If you watched the 60 Minutes item Living Proof on Wednesday night, you’ll no doubt agree that King Country farmer Alan Smith is lucky to be alive.
Acutely affected by the H1N1 virus, Smith lay in intensive care close to death, an ECMO machine battling to keep his fluid-filled lungs functioning. As Mike McRoberts says in the introduction to the 60 Minutes piece by veteran reporter Melanie Reid, Smith came back from the dead.
But what saved his life?
Well, if the 60 Minutes piece is to be believed, large doses of vitamin C administered to Smith intravenously at the behest of his desperate family pulled him back from the brink of death. The family had to battle doctors to allow the treatment to proceed and even had to enlist top-flight constitutional lawyer Mai Chen to apply the legal blowtorch to the hospital treating Smith to allow the treatment to continue.
Smith’s lungs began to clear as the vitamin C was administered though his family admits this may have had something to do with the fact that at the same time, Smith was put in the prone position – that is, he was rolled onto his stomach in the hope that this would help clear his lungs.
Where did the family come across the idea of administering vitamin C intravenously? What does the peer-reviewed literature say about this sort of treatment for pneumonia-like symptoms? Could Smith’s family have actually risked harming him by giving him large doses of vitamin C? None of that is clear from the piece, because 60 Minutes didn’t interview anyone with a medical or scientific background equipped to answer these questions. No one from the two hospitals that treated Smith would comment on how he was treated but it is clear from the case notes flashed across the screen that the doctors treating his thought intravenous shots of vitamin C was a wacky idea and would do him no good.
The upshot is that we have an apparent “miracle” on our hands – that’s definitely how 60 Minutes promoted the piece:
So was it a one-off miracle? Or has the family stumbled on a miracle cure?
Or how about option three – no one knows what led to Smith’s recovery and there’s certainly no evidence it was vitamin C. Not that you’d get that sort of equivocation from 60 Minutes, who obviously didn’t want to let pesky experts get in the way of a powerful story about a good kiwi family standing up to a cold medical bureaucracy. At the Science Media Centre, we asked experts to watch the piece and provide feedback on it.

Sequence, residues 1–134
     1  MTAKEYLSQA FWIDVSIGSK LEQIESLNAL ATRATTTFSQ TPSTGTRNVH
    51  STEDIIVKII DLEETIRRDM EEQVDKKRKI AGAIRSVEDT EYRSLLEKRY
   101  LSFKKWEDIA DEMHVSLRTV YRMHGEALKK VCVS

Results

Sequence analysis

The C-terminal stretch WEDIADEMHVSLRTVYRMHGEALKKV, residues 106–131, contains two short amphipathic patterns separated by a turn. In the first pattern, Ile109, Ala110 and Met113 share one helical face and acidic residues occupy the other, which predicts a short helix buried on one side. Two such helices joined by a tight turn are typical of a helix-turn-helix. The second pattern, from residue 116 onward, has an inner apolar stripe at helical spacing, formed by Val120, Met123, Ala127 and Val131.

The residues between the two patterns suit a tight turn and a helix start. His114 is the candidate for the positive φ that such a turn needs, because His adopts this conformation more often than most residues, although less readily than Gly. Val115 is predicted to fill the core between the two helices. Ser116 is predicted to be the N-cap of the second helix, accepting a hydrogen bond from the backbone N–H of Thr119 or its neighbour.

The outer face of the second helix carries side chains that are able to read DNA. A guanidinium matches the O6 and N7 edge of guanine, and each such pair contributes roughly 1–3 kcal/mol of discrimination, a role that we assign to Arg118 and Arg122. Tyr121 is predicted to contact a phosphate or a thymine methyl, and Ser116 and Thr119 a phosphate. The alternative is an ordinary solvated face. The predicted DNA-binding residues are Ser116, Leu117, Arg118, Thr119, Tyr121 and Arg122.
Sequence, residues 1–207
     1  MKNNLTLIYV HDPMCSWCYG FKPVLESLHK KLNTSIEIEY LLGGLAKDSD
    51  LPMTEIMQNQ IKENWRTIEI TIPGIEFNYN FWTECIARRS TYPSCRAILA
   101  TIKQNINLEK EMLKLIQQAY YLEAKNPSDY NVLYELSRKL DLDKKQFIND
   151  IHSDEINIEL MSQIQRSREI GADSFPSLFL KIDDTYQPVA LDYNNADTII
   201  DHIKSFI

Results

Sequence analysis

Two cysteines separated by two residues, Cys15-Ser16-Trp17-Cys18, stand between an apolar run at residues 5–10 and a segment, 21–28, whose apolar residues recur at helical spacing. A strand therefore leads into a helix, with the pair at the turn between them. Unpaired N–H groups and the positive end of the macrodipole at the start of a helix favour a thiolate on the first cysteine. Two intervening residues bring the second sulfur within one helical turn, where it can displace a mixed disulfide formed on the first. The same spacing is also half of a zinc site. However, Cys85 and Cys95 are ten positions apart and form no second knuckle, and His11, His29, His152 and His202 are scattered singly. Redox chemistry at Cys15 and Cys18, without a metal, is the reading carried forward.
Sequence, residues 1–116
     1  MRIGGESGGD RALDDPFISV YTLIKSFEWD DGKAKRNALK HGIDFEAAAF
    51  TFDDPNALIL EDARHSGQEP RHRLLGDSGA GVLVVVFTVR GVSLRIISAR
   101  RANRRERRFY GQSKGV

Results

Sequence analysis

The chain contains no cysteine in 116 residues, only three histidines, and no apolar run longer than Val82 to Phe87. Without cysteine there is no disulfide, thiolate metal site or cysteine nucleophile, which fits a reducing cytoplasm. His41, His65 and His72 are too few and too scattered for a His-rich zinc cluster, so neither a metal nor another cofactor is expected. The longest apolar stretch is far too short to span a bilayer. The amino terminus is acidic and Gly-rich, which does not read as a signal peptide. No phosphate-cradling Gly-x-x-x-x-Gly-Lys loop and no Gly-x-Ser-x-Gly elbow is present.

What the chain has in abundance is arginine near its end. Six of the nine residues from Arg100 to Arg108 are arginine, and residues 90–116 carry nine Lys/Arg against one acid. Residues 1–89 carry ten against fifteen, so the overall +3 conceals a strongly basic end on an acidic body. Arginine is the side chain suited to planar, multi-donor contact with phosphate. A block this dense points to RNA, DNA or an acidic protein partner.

Professor John Fraser, Head of School of Medical Sciences, University of Auckland told the SMC:
It is disappointing that the journalist did not attempt to seek expert advice on the reasons why the consultants were unwilling to administer high dose vitamin C. There is certainly no evidence from the medical literature that this treatment works particularly in severe cases of pneumonia. The consultants were quite right to resist the use of an unproven treatment, and to their credit they did acquiesce to accommodate the family’s wishes because they felt it would do no harm. In this remarkable case the patient did survive but there is no evidence that this was due to the vitamin C. This is a wonderful story of personal survival and it is sad that it has been used to discredit those professionals who were just trying to provide their best for a very sick patient. If the vitamin C had killed him, then the story would have been different. That is the risk of using an unproven treatment.
None of this point of view was reflected in the 60 Minutes piece, though any number of independent experts like Professor Fraser would have happily provided it if asked.
The evidence on intravenous vitamin C
At the very least, 60 Minutes could have added a bit of background about intravenous vitamin C treatments and the lack of empirical research suggesting such treatment is effective. I haven’t been able to find a single study looking at intravenous use of vitamin C to treat people in Smith’s condition. There are instead assorted case studies of patients treated in this way – but almost always for types of cancer and there have been some studies looking at vitamin C administered to mice and rats. This paper published in the Journal of Orthomolecular Medicine ten years ago suggests: “Some cancer patients have had complete remissions after highdose intravenous vitamin C infusions”.
A study by the US National Institutes of Health (NIH) published in the Proceedings of the National Academy of Sciences in 2008 showed “high-dose injections of vitamin C reduced tumour weight and growth rate by about 50 percent in mouse models of brain, ovarian, and pancreatic cancers”. The paper caused some heated debate among scientists as this letter from molecular biologist Professor Piet Borst to PNAS illustrates:
It is possible that ’the promise of ascorbic acid in the treatment of advanced cancer may lie in combination with cytotoxic agents’. As long as this has not been tested, we should try to avoid a new hype of vitamin C as cancer treatment by pointing out, especially in PNAS, the limitations of the available data.
There simply isn’t enough peer-reviewed literature to see this treatment endorsed by the medical profession other than those offering alternative therapies yet isolated cases of cancer sufferers going into remission following treatment with intravenous vitamin C keep the media spotlight on this supposed miracle cure. Check out another such story that screened in the US on ABC:
The reality is that Smith’s being placed in the prone position is just as likely to have been responsible for his recovery than the administering of large doses of vitamin C or anything else for that matter. We simply don’t know and the 60 Minutes piece suggests you should be willing to defy the advice of medical experts and demand alternative therapies for yourself or loved-ones who are seriously ill. How irresponsible is that?